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Mother, Nation, and Self: Poetics of Death and Subjectivity in Julián Herbert’s Canción de Tumba

  • Raúl C. Verduzco
Chapter
Part of the Literatures of the Americas book series (LOA)

Abstract

This chapter explores the relationship between necropolitics and the subjective experience of death in Julián Herbert’s Canción de Tumba. Verduzco argues that this relationship produces a de-commodification of death that counters the tendency of official discourse to instrumentalize the victims of violence in Mexico. Additionally, Verduzco analyzes the relations of non-correspondence between the experience of the world and its allegedly realistic representation, which motivate the protagonist to refigure his idea of death, of Mexican history and its present situation, of the Cuban Revolution, of the mother figure and, ultimately, of his own masculinity. Through what Cristina Rivera Garza calls necrowriting, namely a form of disappropriation (that is, of deinstrumentalization), Herbert’s writing becomes a means for restitution of new subjectivities marked by affects and responsibility.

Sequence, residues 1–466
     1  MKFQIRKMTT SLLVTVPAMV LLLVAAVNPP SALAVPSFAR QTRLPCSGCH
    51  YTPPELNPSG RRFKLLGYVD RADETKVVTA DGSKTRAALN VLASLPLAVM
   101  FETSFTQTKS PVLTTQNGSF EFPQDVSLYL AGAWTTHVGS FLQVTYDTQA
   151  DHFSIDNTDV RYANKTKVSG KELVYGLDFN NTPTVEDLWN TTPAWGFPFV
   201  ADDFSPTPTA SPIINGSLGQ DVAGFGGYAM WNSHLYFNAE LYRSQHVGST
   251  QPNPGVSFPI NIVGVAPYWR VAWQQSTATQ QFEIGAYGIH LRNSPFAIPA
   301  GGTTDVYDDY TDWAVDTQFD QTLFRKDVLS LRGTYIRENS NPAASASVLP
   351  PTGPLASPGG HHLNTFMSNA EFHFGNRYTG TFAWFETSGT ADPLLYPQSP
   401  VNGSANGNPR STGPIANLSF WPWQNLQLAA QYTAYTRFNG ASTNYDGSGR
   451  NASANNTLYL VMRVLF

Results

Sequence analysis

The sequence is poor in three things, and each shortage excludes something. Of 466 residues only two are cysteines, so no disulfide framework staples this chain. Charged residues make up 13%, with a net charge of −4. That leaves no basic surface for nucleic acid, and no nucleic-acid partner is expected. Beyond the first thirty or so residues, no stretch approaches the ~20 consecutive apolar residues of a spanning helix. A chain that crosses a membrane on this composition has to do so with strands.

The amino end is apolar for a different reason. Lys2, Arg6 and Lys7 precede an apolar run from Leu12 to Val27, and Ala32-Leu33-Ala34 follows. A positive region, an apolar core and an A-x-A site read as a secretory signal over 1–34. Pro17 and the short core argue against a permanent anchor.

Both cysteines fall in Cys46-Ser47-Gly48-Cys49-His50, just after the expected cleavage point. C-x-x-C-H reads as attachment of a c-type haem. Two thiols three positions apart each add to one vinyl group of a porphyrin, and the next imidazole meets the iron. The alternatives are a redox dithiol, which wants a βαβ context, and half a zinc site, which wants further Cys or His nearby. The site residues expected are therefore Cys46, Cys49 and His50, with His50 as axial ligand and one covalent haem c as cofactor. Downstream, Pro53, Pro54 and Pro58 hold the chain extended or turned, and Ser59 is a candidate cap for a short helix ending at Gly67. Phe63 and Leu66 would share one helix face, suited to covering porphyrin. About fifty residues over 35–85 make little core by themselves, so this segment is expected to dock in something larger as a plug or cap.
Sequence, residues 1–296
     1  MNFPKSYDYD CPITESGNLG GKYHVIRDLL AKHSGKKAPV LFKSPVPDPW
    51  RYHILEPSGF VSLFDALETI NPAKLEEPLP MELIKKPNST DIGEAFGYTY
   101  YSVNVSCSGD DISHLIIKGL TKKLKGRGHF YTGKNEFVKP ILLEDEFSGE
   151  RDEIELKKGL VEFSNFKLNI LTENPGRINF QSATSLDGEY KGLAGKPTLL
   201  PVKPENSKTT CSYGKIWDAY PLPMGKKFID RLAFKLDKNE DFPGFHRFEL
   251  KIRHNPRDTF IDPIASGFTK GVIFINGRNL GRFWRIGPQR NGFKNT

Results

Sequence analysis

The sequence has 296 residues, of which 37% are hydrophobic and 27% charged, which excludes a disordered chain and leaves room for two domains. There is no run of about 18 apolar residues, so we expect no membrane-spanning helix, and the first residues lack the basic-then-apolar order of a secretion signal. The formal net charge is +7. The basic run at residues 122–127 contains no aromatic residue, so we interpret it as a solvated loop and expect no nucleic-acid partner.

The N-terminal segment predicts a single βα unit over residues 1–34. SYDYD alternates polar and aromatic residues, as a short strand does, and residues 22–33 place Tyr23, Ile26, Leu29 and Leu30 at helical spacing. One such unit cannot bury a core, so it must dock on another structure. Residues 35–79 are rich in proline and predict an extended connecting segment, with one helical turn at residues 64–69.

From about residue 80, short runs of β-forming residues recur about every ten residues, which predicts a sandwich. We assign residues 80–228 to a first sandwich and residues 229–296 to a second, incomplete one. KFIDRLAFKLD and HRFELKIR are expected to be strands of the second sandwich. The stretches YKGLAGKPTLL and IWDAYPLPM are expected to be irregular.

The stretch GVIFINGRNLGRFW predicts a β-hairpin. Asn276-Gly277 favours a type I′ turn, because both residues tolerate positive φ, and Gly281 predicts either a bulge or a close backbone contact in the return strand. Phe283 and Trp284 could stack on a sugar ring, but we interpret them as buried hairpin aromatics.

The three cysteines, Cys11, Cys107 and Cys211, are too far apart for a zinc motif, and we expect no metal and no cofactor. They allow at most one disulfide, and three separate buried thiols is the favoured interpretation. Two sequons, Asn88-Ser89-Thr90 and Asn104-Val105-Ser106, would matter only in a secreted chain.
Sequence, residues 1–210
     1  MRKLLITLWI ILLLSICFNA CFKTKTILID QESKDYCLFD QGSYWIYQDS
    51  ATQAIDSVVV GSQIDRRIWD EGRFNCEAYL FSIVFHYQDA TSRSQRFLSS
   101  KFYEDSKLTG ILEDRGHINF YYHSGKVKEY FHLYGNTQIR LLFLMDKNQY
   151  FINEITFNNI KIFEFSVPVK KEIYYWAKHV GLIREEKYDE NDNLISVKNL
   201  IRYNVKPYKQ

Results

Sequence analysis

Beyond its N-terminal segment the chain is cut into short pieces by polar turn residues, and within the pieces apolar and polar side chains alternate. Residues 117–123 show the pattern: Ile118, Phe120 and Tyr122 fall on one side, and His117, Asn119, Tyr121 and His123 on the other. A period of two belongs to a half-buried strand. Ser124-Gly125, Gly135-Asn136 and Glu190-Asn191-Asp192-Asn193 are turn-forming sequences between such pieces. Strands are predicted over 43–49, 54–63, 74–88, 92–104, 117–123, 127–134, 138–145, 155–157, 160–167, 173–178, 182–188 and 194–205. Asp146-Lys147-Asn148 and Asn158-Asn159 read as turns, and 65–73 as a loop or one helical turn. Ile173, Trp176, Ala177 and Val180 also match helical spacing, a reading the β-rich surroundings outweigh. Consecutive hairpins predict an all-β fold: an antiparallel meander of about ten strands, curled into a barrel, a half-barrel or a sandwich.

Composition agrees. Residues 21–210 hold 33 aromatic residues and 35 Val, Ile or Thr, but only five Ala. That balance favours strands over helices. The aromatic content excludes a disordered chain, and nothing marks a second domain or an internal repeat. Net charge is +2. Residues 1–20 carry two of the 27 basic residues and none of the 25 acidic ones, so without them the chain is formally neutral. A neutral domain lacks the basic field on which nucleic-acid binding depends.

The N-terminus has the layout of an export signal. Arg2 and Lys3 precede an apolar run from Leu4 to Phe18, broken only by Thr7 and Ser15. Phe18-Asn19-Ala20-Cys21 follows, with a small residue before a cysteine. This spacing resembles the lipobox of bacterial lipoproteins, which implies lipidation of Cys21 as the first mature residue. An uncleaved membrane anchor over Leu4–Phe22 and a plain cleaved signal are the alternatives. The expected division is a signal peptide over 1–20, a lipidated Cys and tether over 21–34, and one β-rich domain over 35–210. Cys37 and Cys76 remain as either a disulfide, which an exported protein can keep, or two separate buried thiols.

Keywords

Necrowriting Necropolitics New masculinities Violence in Mexico Autofiction Realism 

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Copyright information

© The Author(s) 2018

Authors and Affiliations

  • Raúl C. Verduzco
    • 1
  1. 1.Tecnologico de MonterreyMonterreyMéxico

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